Segment 1: Between a Rock and a Hard Place SEGMENT BEGINS AT 00:38 Economist Jerry Robinson provides his signature commentary on the momentous news stories that have been making waves in the financial world and shares profitable investment strategies, as well as...
Editor's Note: Today's rise in the CPI numbers are the inevitable outcome of the Federal Reserve's "easy money" policies. Rising consumer prices are still in the warm-up phase. We expect inflationary pressures to continue to threaten the U.S. economy with full blown hyperinflation remaining a "real and imminent" threat over the next 12-18 months.
MoneyNews.com – The cost of living in the U.S. rose more than forecast in May reflecting higher prices for everything from autos to hotel rooms, signaling raw-material expenses are filtering through to other goods and services.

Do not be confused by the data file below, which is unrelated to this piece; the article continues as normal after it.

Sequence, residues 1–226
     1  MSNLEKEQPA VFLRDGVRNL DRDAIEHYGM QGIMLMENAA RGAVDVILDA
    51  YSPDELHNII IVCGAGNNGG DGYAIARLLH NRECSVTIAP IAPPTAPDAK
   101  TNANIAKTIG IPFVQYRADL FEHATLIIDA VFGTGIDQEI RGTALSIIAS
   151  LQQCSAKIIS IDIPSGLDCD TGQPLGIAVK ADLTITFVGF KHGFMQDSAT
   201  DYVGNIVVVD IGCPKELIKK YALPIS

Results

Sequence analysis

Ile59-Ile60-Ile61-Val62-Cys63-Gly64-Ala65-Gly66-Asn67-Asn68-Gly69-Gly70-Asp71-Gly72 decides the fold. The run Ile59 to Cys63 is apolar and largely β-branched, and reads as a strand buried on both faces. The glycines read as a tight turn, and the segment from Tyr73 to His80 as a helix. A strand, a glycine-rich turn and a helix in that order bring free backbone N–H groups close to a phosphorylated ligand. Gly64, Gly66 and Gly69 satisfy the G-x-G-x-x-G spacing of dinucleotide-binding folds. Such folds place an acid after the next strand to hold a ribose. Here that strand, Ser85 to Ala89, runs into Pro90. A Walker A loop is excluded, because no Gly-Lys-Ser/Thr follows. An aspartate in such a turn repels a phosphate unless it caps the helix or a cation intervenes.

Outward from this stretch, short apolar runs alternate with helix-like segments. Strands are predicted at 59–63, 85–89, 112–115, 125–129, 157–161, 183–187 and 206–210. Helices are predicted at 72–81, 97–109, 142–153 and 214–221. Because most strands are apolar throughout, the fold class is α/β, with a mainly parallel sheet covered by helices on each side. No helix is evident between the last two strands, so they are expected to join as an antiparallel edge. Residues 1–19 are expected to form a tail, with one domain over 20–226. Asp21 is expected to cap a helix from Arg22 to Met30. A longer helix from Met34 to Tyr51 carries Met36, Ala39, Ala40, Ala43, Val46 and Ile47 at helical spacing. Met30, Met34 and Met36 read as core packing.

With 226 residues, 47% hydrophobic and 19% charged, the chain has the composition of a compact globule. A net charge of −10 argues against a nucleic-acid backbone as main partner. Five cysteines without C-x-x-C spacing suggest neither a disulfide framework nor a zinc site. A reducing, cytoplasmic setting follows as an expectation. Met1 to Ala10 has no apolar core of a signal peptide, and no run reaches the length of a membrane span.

The consumer-price index increased 0.2 percent, compared with the 0.1 percent median forecast of economists surveyed by Bloomberg News, figures from the Labor Department showed today in Washington. The so-called core measure, which excludes more volatile food and energy costs, climbed 0.3 percent, the biggest increase since July 2008.
Higher input prices are leading companies like McDonald’s Corp. (MCD) and Abercrombie & Fitch Co. (ANF) to try to pass cost increases onto customers strained by more expensive gasoline and 9.1 percent unemployment. At the same time, Federal Reserve Chairman Ben S. Bernanke’s has repeated that the jump in commodity expenses will prove temporary.
“We’re seeing a broad-based bleed through of energy and commodity price pressures into components throughout the core,” said John Herrmann, a senior fixed-income strategist at State Street Global Markets in Boston who correctly forecast the gain in core inflation. “The Fed has to be more adamant about their credibility as an inflation fighter.”